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Frank Lloyd Wright knew the beauty of balance with regard to nature and architecture, though perhaps not so much in life. His Falling Water home is amazing, perched splendidly over the water with water actually running through the home. It’s definitely worth a stop if you visit Pennsylvania.

 http://www.fallingwater.org/

 

I’ve learned that, as an introvert, I become more creative when I disconnect from people in person and in the virtual world for a time. I need quiet to allow my mind to wander and re-energize. I know that yoga is good stuff and too much sugar is not. My to-do list will overwhelm me if it is too long and allow me to be lazy if there’s nothing on it. I know prayer and time with my church family help me stay on track. Knowing those things, though, does not always equate to balance. I must still put these things into practice daily, or at least regularly.

What have you learned about balance? How do you achieve it? Share your thoughts with us.

And…

Have a Blessed Wednesday!

Hally

Street Cred

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Language is fun. Colorful words, unique phrasing, timely sayings, regional accents, dialects – they add so much to our communication. I recalled some of the expressions, many coined by young people, which have been used by recent generations.

“Groovy” has been used to describe a thing or person that is really cool, but when something is a “hot mess” it most certainly is not cool or good. If a person tells another to “gag me with a spoon,” they are not impressed, but rather repulsed by something. And, if they are “blowing chunks” or “tossing their cookies” they have in fact actually gagged. If a person is “chillin’,” he is relaxed, the exact opposite of someone who has “gone postal.”

Things can be copacetic or heinous, just fine or awful. Girls can crush on (like) a guy, and boys can dump (break up with) a girl. They can be busted (caught), amped (excited), and cra cra (crazy). Complicated stuff! In fact, I am told by my teen sources that “cra cra” is now simply “cra.” Ocray. I mean otay. I mean okay! Crazy words and Buckwheat got combined in my boggled brain. This old mom has to work to keep up, or she will undoubtedly lose street cred.

It’s great to know the latest language when we communicate with our children, but perhaps the best way for us to gain meaningful credibility with them is by demonstrating honesty in our communications with them and others. It is by doing our jobs as parents even with that is hard. It is through showing them love always and discipline when needed.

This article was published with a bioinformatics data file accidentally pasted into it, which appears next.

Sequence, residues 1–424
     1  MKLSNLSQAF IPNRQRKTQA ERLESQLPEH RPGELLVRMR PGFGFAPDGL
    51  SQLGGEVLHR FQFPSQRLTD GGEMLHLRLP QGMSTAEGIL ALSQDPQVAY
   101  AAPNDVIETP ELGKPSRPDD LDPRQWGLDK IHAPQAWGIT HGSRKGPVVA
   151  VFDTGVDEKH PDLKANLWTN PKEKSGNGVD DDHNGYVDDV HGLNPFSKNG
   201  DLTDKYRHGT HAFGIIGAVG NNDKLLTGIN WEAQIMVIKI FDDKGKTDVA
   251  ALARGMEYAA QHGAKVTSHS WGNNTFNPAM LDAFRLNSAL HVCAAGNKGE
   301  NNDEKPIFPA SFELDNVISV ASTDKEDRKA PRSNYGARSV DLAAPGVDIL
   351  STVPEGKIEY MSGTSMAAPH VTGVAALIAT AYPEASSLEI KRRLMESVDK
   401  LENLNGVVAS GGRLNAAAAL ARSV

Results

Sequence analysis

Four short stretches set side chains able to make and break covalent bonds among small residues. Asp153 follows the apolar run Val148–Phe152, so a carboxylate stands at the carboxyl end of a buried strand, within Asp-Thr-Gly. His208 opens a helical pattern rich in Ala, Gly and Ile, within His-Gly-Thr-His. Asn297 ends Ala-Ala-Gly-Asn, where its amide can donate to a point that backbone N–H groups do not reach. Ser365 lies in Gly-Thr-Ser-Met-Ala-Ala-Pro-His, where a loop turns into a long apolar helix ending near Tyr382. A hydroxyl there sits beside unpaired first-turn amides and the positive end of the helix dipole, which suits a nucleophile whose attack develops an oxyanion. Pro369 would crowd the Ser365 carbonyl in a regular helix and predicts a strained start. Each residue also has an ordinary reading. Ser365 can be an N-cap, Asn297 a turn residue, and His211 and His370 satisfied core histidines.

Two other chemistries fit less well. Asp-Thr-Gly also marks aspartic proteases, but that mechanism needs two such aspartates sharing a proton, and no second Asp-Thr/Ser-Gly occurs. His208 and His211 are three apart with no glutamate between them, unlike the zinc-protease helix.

Outside our homes, we have the opportunity gain or lose credibility as professionals and citizens of our community. If we fail to do our jobs well or lack integrity in our workplaces, we will lose credibility. If we support local clubs and schools, participate in service or volunteer projects, and engage in local government, we will be recognized as contributing members of our community.

And, we have the honor of gaining credibility for Christ. When we demonstrate our faith to those around us, we show them how having a relationship with Him provides hope, healing and internal (as well as eternal) happiness for believers. Though the walk of His children is not always righteous and sometimes is rough, Christians choose to persevere with His help.

And no matter what lingo you use, that’s radical!

Postscript:

As I complete this post, I am hoping it will bring you a smile. However, I am feeling sad this evening. A woman in my town died today, leaving three children behind. I have known her casually for a few years, but had a few meaningful conversations with her in recent months. She wanted to help others and had considered joining my writing group, but was busy with many endeavors. I am sorry for her children and family, but I am pleased to know that she had been saved in recent months. She was living for Christ. Please remember her children in your prayers.

Enjoy a Thoughtful Thursday,

Hally

Is Having a High-Tech Phone Really So Smart?

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I’m due for an upgrade. Not for my car, house, husband, or any body part – although a couple of those might be nice. No, it’s time for a new phone. I’ve reached the contracted period on my current perfectly-good flip phone, and I am eligible for one with all the latest features.

Soon I will make the brain-blowing trip to the cell phone store and try to decipher the choices and costs, hopefully, emerging hours later with the latest and greatest. At which point, I hope all my flip-phone-hating loved ones and friends will stop abusing me. Taunts about the 21st century, cackles at my fine fuchsia phone, the badgering about texting. It’s all grown very old, even though my communication device still does just great.blog-htphone(2)